Best Movie Ever

Uncategorized Oct 18, 2005 No Comments

We asked readers last week for nominations for their favourite film about or by an artist. The reward for effort [and don’t we all need a little rewarding now and again?] was a ticket to see a movie by an artist about an artist. The question was simple – complete the sentence ‘The best film about an artist is […] because…” The answers were interesting:

Frida because it came along when Hollywood decided it was okay for attractive actresses to ‘downplay’ their beauty for a so called brilliant script. And we musn’t forget the melodrama it oozes, the physical pain, anger, and disappointment… Hey what can I say, I’m a sucker for any movie where there is a remote inkling of bisexuality, torture and a fat man to complete the picture. That, and all I want is to do is paint, marry said fat man and have him build/buy me a house that has a connecting bridge and occasionally watch him fornicate with my sister…. only problem is, I’m an only child.”

Legal Eagles, 1986, because Chelsea Deardon (Daryl Hannah) sets the benchmark for all performance artists aspiring to Hollywood budgets. I know, it’s not strictly by or about an artist, but then again, maybe Chelsea really does or did exist.”

Immortal Beloved. (Dir. Bernard Rose, Gary Oldman), because never before, nor since, as far as I am concerned, has there been a film about an artist that so thoroughly and enchantingly woos the audience into the life of an artist, including his loves and his pain. Oldman’s portrayal of Ludwig Van Beethoven is stunning, subtle and complete, giving a real sense of the (almost shattering) tensions that ran through his life. Directed with precision and care, avoiding nostalgia for it’s own sake, and using a textured and tightly woven narrative that wraps you up, then spins you outward, dizzyingly, into the madness behind the genius, and the agony and ecstasy behind the music. I dare any viewer to forget the emotionally taught storyline that ferments into his 9th Symphony (Ode to Joy) when next they hear it.

Love Is The Devil because it never shows the works of the artist so you don’t have to get upset by seeing a filmaker trying to reproduce the creative experience. Oh Basquiat was really good as well ….”

Derek Jarman‘s The Garden because being carried away by someone elses imagination has never been so all encompassing or rewarding.”

“The best movie by or about an artist is Happy Gilmore because the artistry of just tappin’ it in may be the most underrated action ever. seriously, it’s a happening. “

“The best movie by or about an artist is Drop Dead Gorgeous because they made a dancing Jesus out of stockings and he has wheels on the bottom of his cross and … um … I think I misunderstood the assignment.”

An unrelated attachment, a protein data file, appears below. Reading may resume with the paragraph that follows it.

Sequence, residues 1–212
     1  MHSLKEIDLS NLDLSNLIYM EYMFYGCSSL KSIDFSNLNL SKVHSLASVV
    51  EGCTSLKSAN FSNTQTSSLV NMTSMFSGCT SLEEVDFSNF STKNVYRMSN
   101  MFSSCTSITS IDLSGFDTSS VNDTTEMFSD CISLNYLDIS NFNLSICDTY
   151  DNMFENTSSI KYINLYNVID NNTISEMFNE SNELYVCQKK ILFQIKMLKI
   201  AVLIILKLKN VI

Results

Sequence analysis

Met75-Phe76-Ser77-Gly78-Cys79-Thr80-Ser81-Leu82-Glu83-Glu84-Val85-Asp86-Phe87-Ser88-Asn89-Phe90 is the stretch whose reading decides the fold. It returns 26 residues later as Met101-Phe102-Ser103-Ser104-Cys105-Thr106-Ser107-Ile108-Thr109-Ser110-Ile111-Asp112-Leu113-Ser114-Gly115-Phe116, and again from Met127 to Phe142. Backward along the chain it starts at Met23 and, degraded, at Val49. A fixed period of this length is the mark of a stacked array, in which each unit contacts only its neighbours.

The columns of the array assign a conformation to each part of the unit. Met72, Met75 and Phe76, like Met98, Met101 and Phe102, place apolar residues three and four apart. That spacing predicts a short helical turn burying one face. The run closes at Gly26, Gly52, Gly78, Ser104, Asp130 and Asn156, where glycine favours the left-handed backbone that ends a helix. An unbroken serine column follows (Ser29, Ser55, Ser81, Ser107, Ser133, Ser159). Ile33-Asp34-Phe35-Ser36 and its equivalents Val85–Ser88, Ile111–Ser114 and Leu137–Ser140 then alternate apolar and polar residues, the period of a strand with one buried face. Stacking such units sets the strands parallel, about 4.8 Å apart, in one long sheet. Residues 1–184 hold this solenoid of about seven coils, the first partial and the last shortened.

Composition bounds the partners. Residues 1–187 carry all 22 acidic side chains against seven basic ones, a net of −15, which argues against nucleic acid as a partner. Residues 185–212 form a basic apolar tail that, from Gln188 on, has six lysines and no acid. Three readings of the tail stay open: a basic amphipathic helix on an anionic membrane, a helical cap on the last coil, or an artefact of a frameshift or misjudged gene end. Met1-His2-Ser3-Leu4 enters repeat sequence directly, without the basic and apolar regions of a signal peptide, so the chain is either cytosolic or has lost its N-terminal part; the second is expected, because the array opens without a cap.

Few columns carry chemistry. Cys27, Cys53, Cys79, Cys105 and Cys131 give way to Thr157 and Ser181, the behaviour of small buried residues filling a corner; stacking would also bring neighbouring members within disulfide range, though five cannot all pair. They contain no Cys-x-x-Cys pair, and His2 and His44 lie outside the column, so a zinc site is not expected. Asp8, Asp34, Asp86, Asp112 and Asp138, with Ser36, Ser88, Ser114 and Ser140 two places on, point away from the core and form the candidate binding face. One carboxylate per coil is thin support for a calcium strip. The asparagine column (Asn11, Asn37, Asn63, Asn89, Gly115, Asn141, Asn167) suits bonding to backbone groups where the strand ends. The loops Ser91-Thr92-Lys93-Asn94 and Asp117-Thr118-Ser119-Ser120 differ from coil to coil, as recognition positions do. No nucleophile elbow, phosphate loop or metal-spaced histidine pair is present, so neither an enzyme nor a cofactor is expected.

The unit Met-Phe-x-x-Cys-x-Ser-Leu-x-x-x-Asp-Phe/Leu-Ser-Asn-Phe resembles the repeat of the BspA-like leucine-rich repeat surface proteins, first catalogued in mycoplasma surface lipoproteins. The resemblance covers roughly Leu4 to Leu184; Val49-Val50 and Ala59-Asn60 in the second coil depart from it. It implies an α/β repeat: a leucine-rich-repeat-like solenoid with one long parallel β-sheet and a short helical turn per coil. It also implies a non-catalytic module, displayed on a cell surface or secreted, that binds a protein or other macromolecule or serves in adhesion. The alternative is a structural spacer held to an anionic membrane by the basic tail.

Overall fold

Bukowski: Born Into This because: It inspires honesty, dedication and faith to the artists’ way of life and life of work. At times painfully absolute, the film technique is complimentary to Charles Bukowski’s life and art, only leaving room for the viewer to taste the grittiness and feel the heartbeat of a man and his desire. A story that connects you with a complex cluster of emotions and almost lets you live through the eyes of the writer for a few hours. The documentary and it’s subject matter, refreshingly awaken our senses from the glossy post-production driven aesthetic of today’s popular culture in terms of the moving image. This, as well as, Bukowski’s concentrated spirit and candid veracity which are ultimately humanizing and stimulating make Born Into This the best movie about an artist.”

“The best movie about an artist (Woody Allen‘s Bullets over Broadway) is about a writer. The reason is for the catharsis at the end of the movie when the Allen stand-in David Shayne (John Cusack – I wish he always played Woody) goes to the woman he loves and says “I know two things for sure. I love you, and I’m not an artist”. I melt every time … I wish I could just admit it and give up. It’s like a kind of artistic existentialism … he finally understands his own mediocrity, and his acceptance of his failure to be a good
artist offers the opportunity for a new life, liberated from the burden of his creative practice … it’s the most optimistic vote for life over art. Of course it’s a fantasy, for a risk-free, safe (if banal) existence. But it’s a good
one. Oh its meant to be a sentence innit … Oh well. There’s a great writer/artist scene is Husbands and Wives as well, when Juliette Lewis‘ character is talking with Woody about his new manuscript that she’s begged him to let her read … there’s a perfect depiction of that whole, how do you explain that you hate your friend’s artwork without appearing to say anything negative about it … “it’s like Triumph of the Will; it’s brilliant, but you despise the ideas behind it … that’s a bad example”

“…Empire Records because the artist says, “I don’t feel the need to explain my art to you…”

“dear artlife, I would like to win some movie tickets to rescue my relationship. My relationship has been damaged by my decision to nominate a Fassbinder film. the best movie by or about an artist is Martha by Rainer Werner Fassbinder, because he’s such a <>, but has no humanity whatsoever.

“The best movie by or about an artist is CRUMB because it promotes piggyback love.”

“The best movie by or about an artist is I Shot Andy Warhol because it’s about Valerie Solanis; the plays she writes are funny; and the guy that plays Warhol is ok. [This is not a clever or witty entry I know, but I’m not too good with these types of things. I really did like the movie though.]”

“The best movie by or about an artist is Days of Thunder because Tom Cruise is awesome and it’s about god damn time someone acknowledged his amazing talent.”

“The best movie by or about an artist is 9 Songs because.”

The Art Life

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